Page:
webwit wrote:When they were ahead, people could name hundreds of things which were better. The dock this, the dock that. Now the Windows 7 taskbar is ahead, it is no longer a subject of comparison.
I'm very curious about why you think that is. I've been using Windows 7 since its release, and since the final SP1 was available online (months before its public release) it has been my primary operating system.
The taskbar in 7 is absolutely horrible to use, and makes Windows' ironically terrible window management even less functional than it was before.
Now when I switch to my web browser, I have to pick a tab from a row of thumbnails that pop up. Have more than one window open in an application? No way to quickly switch over to it.
Just last night I was actually trying to get some work done on it, while discussing things over Live messenger. Every time they sent a message, I had to click the WLM icon, and then select them from the thumbnails that popped up. When you're getting multiple messages a minute, and are trying to wrestle with four or five other applications, each with multiple documents open, looking for specific data inside them, you really notice how inefficient this is, and how much it slows things down.
Can't quickly alt-tab between things either, because that lists every single window you have open and all the documents I was going through looked identical.
On a Mac, if you click on an application in the dock, it brings all of its windows to the foreground. If you hold option (alt) it brings them to the foreground and hides everything else. If you hold the mouse down on it for a second, it shows all of that application's windows in exposé, letting you select which one you want brought to the foreground.
When switching between applications via the keyboard, you have two commands - one to switch between applications, and one to switch between windows inside an application. So if I'm looking through several documents at once in a PDF viewer, and have a conversation about those documents going on at the same time, I just hit CMD+Tab to switch between those two tasks instantly. If I'm currently reading a PDF in preview and need to switch to another document that's open, I hit CMD + ` to cycle through those windows. I don't have to hit Alt+Tab a varying number of times (depending on how many documents I switched to between messages) and actually look at the specific name of what document/conversation I want to switch to is.
I also have hot corners set up for exposé - if I mouse up to the top-right corner of the screen, my desktop is shown. Windows finally added something similar in 7 with aero peek, except I can't be dragging files, move to the corner while still holding them, and then relocate them. If I view the desktop with aero peek and then do anything, hitting the button just hides what I've done since then, rather than bringing all my other windows back - that only happens if I didn't do anything, making it absolutely useless to me.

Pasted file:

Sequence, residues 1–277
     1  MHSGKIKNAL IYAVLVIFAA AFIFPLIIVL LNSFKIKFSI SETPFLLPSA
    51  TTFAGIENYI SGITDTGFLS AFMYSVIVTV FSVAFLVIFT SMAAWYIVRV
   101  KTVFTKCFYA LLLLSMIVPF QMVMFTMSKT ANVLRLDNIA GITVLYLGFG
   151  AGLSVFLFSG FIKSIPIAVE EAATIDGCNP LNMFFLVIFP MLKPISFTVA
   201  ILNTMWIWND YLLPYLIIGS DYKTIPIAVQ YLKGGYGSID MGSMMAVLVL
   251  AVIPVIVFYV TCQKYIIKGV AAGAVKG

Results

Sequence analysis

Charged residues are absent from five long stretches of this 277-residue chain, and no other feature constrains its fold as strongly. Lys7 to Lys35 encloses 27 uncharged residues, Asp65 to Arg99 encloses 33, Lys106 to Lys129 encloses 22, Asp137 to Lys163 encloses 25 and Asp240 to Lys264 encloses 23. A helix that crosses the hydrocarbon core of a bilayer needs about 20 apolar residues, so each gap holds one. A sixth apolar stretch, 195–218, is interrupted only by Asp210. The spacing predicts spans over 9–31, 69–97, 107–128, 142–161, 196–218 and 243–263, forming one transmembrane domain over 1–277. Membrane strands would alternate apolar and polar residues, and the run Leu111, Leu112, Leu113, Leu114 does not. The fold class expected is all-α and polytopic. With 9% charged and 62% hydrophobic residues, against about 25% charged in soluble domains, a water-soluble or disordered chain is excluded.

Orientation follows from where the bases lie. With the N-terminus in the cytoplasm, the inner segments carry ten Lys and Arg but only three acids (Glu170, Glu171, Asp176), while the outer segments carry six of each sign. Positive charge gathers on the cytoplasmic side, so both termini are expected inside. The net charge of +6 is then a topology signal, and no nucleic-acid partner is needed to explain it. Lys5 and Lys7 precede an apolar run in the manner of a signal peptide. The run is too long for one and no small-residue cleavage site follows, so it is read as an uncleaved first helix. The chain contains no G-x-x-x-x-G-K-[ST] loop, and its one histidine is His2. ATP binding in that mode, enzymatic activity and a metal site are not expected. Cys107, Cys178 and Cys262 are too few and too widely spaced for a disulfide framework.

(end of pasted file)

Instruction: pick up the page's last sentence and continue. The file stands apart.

If I mouse over the bottom-left corner of the screen, I'm shown all currently open windows, and if I mouse over the bottom-right of the screen, I'm shown all open windows in the current application. Once you get used to using this, it is considerably slower going back to using Windows.
In addition, there is some great virtual desktop management built into OSX, so you can separate out tasks to their own workspace.
In OSX, menus are tied to a system menu bar rather than being in the window of an application, giving you much more real-estate for actually getting work done in multiple windows, and ensuring that items are always in the same location. Windows seems mostly designed around only having one application open at a time in a maximised window. The only real exception to that is the new Aero snap, which is about the first good thing Microsoft has introduced with regard to window management. Personally I use Irradiated Software
's Cinch and Size-Up on my Mac to add both this functionality, and the ability to quickly size windows into more of an 80/20 view, which lets me have a larger window for what I'm primarily working on, with a smaller "companion" window open at the side.
Also: the whole registry, and installing applications situation is a complete pain in Windows. Right now, I've just added a few more terrabytes to my main system, and want to move my boot drive off an ageing 500GB drive onto one of the new drives, but I can't just install windows to it and copy my applications over. I really need to do a fresh install of Windows and re-install every single application again. The only exception to this really seems to be Steam for games, which lets you just copy the files over to a new drive and takes care of the rest.
And don't get me started on the Ribbon UI that Microsoft is pushing everywhere...
I tried to get a Macbook. A Macbook without MacOS. I tried real hard. They don't let me.
You can't buy it without Mac OSX, but that's only costing you the equivalent of $29. (what it costs to buy new) It's trivial if you want to set up Windows on a MacBook and only ever run Windows/Linux on it.
mSSM wrote:When I want to get work done, I am particularly not using Windows or MacOS or Gnome or KDE or whatever. All of those systems have TERRIBLE usability.
you use then?!